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Q. Who is Mr. Smarty Plants?

A: There are those who suspect Wildflower Center volunteers are the culpable and capable culprits. Yet, others think staff members play some, albeit small, role. You can torture us with your plant questions, but we will never reveal the Green Guru's secret identity.

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Friday - August 07, 2015

From: El Paso, TX
Region: Southwest
Topic: Plant Identification, Vines
Title: Identification of vining shrub near Fort Worth
Answered by: Nan Hampton

QUESTION:

Please let me know what this plant might be. Saw it one county west of Ft. Worth, in a wooded area, and I've never seen this in this region before. The form is a vining shrub. Leaves are heart-shaped, dark green, and pointed. There are red berries held closely along the stems, about the size of big cherries. Also it was one of a kind. Nothing else like it anywhere around plus it is in a very rural wooded area and there's no way this was planted here. Thanks!

ANSWER:

My best guess for the vining shrub that you saw is Ampelopsis cordata (Heartleaf peppervine).  It is a member of the Family Vitaceae (Grape Family).  The fruits are not quite as large as you indicated, however.  It does occur in both Erath and Palo Pinto Counties, west of Fort Worth, according to the USDA Plants Database Distribution Map.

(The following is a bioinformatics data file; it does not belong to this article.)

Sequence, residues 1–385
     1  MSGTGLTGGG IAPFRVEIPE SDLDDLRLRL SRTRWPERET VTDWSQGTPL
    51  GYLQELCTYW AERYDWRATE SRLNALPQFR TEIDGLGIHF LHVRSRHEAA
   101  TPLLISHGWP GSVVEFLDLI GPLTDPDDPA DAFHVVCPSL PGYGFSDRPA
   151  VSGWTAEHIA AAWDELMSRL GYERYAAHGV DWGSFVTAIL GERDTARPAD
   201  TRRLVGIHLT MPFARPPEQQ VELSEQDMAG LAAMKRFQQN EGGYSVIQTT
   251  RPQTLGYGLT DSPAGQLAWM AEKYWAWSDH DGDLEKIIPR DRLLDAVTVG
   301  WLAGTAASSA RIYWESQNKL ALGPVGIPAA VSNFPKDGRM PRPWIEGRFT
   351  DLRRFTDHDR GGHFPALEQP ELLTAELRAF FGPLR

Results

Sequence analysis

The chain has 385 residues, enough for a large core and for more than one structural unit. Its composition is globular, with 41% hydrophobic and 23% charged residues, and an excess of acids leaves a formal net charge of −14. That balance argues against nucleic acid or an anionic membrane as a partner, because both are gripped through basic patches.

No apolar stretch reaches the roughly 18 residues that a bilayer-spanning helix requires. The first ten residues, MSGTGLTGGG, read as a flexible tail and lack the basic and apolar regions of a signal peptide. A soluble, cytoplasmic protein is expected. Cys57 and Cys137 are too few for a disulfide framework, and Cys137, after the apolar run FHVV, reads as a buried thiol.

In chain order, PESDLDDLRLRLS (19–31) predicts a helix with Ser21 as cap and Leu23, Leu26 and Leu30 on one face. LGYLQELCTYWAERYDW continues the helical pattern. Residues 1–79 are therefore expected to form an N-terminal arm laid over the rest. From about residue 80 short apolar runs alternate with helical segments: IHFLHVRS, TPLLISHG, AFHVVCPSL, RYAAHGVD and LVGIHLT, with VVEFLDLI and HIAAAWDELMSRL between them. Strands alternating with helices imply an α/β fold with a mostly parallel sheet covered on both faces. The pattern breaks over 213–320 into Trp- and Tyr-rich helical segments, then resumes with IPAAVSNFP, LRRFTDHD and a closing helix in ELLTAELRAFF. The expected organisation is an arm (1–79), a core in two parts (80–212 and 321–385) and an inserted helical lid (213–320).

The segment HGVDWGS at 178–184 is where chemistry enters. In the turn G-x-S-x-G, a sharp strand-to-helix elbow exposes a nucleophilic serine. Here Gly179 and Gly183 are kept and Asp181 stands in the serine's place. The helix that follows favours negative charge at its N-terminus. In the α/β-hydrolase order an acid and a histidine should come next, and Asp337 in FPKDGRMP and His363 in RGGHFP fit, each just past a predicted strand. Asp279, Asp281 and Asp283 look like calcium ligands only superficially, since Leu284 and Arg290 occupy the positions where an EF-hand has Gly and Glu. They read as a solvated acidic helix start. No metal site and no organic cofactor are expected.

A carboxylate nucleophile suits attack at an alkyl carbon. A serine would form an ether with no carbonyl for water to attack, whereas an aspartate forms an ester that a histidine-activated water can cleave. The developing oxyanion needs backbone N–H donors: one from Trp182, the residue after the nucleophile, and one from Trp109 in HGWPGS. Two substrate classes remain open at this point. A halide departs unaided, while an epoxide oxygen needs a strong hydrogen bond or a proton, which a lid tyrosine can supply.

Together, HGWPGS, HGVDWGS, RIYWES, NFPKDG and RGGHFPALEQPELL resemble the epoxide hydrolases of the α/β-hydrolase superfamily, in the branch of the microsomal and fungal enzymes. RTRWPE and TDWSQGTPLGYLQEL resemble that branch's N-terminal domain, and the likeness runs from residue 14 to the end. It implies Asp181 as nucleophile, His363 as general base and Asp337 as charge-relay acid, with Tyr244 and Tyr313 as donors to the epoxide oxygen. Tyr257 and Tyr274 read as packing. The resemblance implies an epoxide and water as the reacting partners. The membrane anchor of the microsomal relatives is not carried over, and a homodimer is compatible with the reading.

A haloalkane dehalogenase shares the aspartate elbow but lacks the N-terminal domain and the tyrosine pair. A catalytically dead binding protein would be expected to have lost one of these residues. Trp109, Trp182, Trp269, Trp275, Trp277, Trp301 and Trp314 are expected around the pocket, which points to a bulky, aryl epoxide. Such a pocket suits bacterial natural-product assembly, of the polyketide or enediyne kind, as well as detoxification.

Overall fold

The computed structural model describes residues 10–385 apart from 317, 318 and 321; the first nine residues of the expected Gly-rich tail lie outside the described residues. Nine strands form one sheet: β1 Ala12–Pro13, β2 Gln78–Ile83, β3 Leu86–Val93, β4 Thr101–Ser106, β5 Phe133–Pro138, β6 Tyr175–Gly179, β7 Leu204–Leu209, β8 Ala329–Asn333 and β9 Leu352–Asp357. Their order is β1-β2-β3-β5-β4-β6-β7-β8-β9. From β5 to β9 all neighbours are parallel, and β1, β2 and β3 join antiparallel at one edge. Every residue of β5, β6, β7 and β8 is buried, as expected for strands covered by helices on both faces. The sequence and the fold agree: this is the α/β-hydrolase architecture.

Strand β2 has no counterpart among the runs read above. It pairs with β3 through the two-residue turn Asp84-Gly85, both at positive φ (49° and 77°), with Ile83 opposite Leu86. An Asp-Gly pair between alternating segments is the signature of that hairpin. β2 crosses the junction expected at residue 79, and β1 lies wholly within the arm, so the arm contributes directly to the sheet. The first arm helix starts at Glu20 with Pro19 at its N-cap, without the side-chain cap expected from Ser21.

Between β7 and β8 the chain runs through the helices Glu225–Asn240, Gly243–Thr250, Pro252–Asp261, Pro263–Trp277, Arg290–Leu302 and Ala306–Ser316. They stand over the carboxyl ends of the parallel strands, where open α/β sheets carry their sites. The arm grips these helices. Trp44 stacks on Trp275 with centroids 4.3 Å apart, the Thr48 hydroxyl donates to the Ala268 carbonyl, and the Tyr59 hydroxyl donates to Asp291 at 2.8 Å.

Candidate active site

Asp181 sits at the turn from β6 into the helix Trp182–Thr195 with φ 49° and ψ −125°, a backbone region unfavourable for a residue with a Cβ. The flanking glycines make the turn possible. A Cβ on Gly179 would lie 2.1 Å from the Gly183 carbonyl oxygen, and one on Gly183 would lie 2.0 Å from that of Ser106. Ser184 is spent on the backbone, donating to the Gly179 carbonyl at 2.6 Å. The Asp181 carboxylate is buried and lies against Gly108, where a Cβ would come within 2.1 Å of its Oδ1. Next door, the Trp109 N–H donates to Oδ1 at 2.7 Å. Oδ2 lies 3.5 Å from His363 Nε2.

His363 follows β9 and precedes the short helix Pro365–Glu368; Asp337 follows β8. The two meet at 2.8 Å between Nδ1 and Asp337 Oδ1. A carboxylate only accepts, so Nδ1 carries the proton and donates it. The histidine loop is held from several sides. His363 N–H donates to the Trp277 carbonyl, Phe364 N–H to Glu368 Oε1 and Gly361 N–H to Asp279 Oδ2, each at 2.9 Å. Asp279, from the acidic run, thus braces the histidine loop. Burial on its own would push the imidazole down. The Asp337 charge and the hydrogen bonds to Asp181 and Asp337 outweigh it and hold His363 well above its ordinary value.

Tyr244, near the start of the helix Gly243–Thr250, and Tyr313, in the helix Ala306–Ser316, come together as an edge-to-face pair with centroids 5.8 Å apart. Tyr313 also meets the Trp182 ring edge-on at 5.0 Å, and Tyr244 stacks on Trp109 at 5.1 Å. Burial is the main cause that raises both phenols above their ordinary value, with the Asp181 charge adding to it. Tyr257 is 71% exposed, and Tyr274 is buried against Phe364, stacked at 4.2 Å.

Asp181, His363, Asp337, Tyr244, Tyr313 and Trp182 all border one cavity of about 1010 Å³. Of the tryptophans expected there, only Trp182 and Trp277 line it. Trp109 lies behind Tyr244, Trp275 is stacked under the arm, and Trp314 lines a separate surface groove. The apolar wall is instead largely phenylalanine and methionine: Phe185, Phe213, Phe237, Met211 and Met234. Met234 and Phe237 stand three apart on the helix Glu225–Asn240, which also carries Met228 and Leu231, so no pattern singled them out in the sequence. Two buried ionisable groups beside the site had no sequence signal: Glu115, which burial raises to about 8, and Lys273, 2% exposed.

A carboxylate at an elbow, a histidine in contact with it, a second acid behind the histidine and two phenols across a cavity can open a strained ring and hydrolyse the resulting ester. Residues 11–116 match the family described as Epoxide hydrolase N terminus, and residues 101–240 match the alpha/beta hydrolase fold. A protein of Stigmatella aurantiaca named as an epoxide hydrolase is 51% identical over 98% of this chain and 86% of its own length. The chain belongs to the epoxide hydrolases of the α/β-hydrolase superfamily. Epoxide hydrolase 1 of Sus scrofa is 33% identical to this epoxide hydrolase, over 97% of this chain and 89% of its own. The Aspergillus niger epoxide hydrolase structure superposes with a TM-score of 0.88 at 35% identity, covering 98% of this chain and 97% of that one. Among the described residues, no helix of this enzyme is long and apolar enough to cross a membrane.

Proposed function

Another possibility is Cocculus carolinus (Carolina snailseed) but its fruits are also smaller than cherries.  Here are more photos from Plant of the Week and Hilton Pond Center.  It occurs in Tarrant, Parker and Erath Counties according to the USDA Plants Database Distribution Map.

There is also Ibervillea lindheimeri (Balsam gourd) with larger red fruit but leaves that couldn't exactly be called heartshaped.  It occurs in Tarrant, Palo Pinto and Erath Counties on the USDA Plants Database Distribution Map.

 

From the Image Gallery


Heartleaf peppervine
Ampelopsis cordata

Heartleaf peppervine
Ampelopsis cordata

Carolina snailseed
Cocculus carolinus

Balsam gourd
Ibervillea lindheimeri

Balsam gourd
Ibervillea lindheimeri

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